• ESRIDave LaShell helped develop OASIS early on and has been a consistent booster.  Though Dave works for a software company, I think in another life he’d be an environmental and community organizing visionary. ESRI has provided substantial software and technical support resources to OASIS from the beginning.  But Dave always saw far beyond that, understanding intuitively that bringing people together was the important thing, not any particular technology or software package these people happened to be using.  He also does that in his ongoing efforts at ESRI’s NYC office, and in extracurricular work — for example, he volunteers with the Academy for Urban Planning, which has the only high school level GIS program in the city.  Dave epitomizes what I said about ESRI when Matt Arnn and I accepted the Municipal Art Society’s “Certificate of Merit” award for OASIS in 2001, that it’s a private company with a public conscience.
  • Individuals like Jane Sokolow, Bob Alpern, and Jack Eichenbaum – I’ve known Bob and Jack for years, and more recently Jane, and it’s been wonderful and enriching working with them together on OASIS.  Also, my colleague Christy Spielman was involved with OASIS at the start, designing the maps and managing the data and website.  But she’s been critical at coordinating and facilitating the various organizational partnerships that have developed through OASIS; those contributions have been as important as her GIS & graphic design skills.  And Dave Burgoon, who’s a dream to work with, has used his programming skills to make the new OASIS website worthy of this recent praise from a financial blogger at Reuters: “This is the most amazing map of NYC I’ve ever played with. Just, wow.”
  • Last but not least, the Forest Service itself.  When I first heard that the Forest Service was convening a meeting in 2000 to talk about mapping the city’s “urban canopy” (i.e., trees), I was skeptical.  I was most familiar with their work managing land in the western US or fighting forest fires, not working in cities, let alone New York.  But even then they had developed a strong argument for caring about trees and open spaces in urban areas – both for environmental reasons as well as for the ability to relatively easily engage large numbers of people in these densely populated areas.  Phil, Matt, Robin, et al. provided great and consistent support for OASIS in its early years and still value the benefits that this collaborative effort has provided.  It’s been terrific getting to know them and work with them.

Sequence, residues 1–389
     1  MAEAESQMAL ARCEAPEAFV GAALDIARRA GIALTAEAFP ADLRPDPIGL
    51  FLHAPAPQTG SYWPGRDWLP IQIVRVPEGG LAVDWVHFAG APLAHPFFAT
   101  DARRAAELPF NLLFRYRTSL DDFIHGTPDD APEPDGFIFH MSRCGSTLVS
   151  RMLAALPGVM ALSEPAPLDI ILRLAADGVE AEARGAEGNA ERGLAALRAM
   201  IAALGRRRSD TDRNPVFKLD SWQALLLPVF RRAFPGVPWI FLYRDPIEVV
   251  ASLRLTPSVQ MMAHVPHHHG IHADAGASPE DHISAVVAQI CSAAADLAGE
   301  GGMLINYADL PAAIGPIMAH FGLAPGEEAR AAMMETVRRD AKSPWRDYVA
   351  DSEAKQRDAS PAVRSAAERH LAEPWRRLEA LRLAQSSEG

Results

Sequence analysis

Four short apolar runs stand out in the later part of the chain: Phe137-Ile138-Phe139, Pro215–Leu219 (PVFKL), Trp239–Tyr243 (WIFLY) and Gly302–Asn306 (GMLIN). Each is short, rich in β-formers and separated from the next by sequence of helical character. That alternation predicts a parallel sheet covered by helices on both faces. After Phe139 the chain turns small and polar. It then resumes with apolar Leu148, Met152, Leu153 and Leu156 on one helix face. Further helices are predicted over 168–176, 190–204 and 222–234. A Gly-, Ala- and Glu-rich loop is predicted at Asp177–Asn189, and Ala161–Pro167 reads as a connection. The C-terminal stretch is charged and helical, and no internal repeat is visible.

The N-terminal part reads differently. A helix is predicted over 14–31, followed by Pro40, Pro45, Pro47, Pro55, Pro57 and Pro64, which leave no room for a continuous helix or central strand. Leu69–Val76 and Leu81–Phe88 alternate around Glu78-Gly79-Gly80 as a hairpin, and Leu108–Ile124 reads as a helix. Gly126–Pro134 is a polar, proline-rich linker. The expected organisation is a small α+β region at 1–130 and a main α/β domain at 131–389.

Of course there are too many people and groups to mention in detail, so please visit the OASIS participants page to see the full list.  (And even on that page we’ve probably missed a few.) 

Although active participation in the steering committee has ebbed and flowed (it’s probably at a low point at the moment, with most of the effort going toward the website redesign), you can still get involved.  Here are some links with more info:

All in all, OASIS has made its impact felt – in me and my professional and personal relationships, in the work of many people and groups across the city, and hopefully beyond all that to the city and metropolitan region at large.  I’m thrilled to have had the opportunity to have been (and to continue to be) a part of it all.

Online cartography for richly layered maps

Several recent items have called attention to the growing effort to make really good-looking maps online – see Matt Ball on the coming “cartographic explosion” and Peter Batty’s posts highlighting the great maps from OSM and CloudMade and of course Stamen Design (hardly an inclusive list, but it’s already a long-ish intro sentence).

It’s an exciting time for all that.  We’re hopefully moving well beyond the ubiquitous pushpins of more map mashups than we can count (no dig against Google Maps, but the pushpins can get a bit old — see EveryBlock’s insightful post about “Google Maps fatigue” and FortiusOne’s original — and on-the-mark — blog title “Moving Past Pushpins“). 

From what I can see, however, most of the latest online cartography efforts are focused on road-centric basemaps.  This is great, but there’s a lot more mapped information out there that eventually will be either layered on top of these basemaps or provided online directly.  And we’ll need good cartography to display richly layered online maps effectively.